Lollapalooza Israel will take place August 20-22, 2013, in Tel Aviv's Yarkon Park, making it the first large-scale global music event in the country.
Israel marks the third international location for Lollapalooza, which expanded to Chile in 2011 and Brazil earlier this year.
O’Neill of the Conservancy is happy with the C3-Parkways Foundation contract. In the current arrangement, 10 percent of annual ticket sales go toward the foundation and the rest to Chicago parks. In 2010, Lollapalooza generated $17 million in ticket sales, leaving almost $2 million for the Parkways Foundation.
Legend has it that after Ozzy was denied the chance to join the Lollapalooza tour in 1996, Sharon Osbourne decided she’d pack up her ball and start her own tour for her husband to play on. Thus was Ozzfest born, and ran for a decade and a half
Of course, though he did trademark it, Farrell didn't come up with the word. It dates back to the '90s—the 1890s, that is—according to Merriam-Webster, although there've been variant spellings along the way. (In the very early 1900s, it was "lallapalootza," per the Oxford English Dictionary's research, and in the early '50s, the New Yorker ran it as "lollapaloosa.")
You can argue how great an impact Lollapalooza has ultimately had on rock 'n' roll since the festival began in 1991. One thing that's inarguable: its effect on the English language.
Probably no suffix has gained traction in the last quarter-century quite like "-palooza." Tracking the origins of the word and its outgrowth and myriad variations since Perry Farrell popularized it in 1991 makes for a real...etymology-palooza.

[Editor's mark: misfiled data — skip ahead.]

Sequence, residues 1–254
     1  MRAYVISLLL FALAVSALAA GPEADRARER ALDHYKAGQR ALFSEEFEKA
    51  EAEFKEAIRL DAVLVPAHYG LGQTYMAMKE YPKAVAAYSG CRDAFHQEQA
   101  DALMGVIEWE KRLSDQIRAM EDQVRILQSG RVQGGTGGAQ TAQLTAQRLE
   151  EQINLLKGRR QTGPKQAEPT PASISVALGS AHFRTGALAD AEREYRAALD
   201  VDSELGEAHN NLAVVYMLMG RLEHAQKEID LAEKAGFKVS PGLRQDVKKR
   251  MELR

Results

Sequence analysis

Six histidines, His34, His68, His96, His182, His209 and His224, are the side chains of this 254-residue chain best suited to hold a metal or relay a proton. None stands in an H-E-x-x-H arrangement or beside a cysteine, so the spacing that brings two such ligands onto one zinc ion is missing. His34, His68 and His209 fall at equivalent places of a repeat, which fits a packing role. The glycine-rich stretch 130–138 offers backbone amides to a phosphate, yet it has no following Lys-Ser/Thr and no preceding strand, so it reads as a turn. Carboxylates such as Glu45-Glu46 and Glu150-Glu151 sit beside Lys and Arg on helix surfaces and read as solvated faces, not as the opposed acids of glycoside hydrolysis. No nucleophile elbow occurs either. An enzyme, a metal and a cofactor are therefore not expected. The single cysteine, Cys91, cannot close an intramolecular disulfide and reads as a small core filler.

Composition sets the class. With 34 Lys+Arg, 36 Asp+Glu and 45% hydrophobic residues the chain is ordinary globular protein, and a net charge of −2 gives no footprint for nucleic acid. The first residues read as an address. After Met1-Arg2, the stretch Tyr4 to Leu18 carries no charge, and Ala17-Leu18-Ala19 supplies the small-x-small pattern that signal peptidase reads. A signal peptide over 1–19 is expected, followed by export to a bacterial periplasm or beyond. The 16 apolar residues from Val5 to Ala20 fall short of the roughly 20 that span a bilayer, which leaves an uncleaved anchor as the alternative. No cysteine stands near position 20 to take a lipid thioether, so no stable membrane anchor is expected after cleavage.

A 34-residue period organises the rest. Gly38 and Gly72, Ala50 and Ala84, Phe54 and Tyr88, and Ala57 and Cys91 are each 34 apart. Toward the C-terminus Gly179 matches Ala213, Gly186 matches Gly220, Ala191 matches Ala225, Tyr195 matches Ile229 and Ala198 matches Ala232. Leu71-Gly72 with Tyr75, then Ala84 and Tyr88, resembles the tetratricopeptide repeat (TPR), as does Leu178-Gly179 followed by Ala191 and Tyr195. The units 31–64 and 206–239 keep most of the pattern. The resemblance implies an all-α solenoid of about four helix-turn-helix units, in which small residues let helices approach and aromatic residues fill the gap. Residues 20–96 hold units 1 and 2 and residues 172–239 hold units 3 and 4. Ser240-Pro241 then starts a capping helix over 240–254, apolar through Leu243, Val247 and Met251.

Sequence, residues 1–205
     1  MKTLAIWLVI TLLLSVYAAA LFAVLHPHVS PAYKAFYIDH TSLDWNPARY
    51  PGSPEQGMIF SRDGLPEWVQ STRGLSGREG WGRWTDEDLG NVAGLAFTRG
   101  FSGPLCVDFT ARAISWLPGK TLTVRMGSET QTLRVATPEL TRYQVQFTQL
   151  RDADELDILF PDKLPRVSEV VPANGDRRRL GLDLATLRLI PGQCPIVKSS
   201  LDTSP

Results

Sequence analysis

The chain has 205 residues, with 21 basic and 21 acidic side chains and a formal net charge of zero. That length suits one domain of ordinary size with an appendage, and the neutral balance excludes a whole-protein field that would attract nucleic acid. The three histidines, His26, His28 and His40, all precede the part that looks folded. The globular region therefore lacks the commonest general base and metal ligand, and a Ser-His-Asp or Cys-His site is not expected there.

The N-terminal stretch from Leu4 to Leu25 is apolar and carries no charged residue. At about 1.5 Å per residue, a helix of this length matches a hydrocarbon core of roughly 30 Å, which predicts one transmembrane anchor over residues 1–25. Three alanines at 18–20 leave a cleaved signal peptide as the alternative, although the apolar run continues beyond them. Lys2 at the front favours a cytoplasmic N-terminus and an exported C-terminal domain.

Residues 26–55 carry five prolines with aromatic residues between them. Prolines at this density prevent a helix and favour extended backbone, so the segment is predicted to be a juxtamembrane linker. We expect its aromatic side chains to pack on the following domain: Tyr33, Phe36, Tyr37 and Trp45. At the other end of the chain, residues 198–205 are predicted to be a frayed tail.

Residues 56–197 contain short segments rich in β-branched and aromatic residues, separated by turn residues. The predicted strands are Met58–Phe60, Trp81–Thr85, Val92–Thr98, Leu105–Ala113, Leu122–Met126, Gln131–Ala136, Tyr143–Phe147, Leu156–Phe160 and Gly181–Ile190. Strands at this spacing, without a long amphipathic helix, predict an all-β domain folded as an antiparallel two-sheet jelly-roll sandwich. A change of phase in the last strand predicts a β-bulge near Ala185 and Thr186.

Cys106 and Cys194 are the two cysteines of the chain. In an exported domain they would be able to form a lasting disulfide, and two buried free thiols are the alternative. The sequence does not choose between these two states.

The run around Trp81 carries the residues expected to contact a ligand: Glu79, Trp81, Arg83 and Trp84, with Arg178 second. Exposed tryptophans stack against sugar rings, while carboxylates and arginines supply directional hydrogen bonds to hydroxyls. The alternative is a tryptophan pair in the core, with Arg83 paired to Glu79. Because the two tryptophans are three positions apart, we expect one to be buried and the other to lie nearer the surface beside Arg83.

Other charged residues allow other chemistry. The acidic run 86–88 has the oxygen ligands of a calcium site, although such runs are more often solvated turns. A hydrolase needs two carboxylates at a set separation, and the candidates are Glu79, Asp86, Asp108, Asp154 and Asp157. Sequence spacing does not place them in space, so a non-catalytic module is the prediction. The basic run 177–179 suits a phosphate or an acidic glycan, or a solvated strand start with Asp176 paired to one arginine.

The festival became a cultural phenomenon, spawning imitators, detractors and a hilarious homage on The Simpsons, where Sonic Youth and Smashing Pumpkins mingled with Peter Frampton and a pair of talking shoes. But when Metallica took top billing in 1996, everything seemed to change. "I have nothing against Metallica, other than the fact that they were a different beast, they're not an alternative rock group," says Farrell now. A year later, Lolla as he knew it was gone.
Lollapalaooza has come a long way, but one thing stays constant: the festival is for the fans. With that in mind, Lollapalooza now calls the legendary city of Chicago home, having put down roots in the gorgeous greenspaces of Grant Park in 2005.
As the festival has grown up, it's also grown out -- now spanning over 115 acres, multiple stages, and a ever-more diverse array of 130+ artists from hip-hop, electronica, reggae, indie, rock, modern roots, and many more. There's always been a passion for rocking responsibly, and Lolla these days is no different.
In 2005, Lollapalooza was reformed between Farrell and C3 Presents. Instead of being a touring festival it became a two-day festival in Chicago's Grant Park. The festival featured multiple stages along the park and featured Weezer, Primus, Cake and Widespread Panic.
With the new format of Lollapalooza being as successful as it was the festival became a three-day event in 2006
"We were something brand new — we were called alternative rock," Farrell remembers. "Jane's Addiction by themselves probably couldn't have brought in 20,000 kids, but we had strength in numbers. If we invited a bunch of our friends like Siouxsie and the Banshees, Nine Inch Nails and Butthole Surfers ... people like that, all of a sudden you're going to get the attention of the underground. And it worked out. So we started to draw kids, 10,000-20,000 per city."
It all started back in 1991 when Perry Farrell, lead singer of fabled alternative rockers Jane's Addiction started planning a farewell show for the group.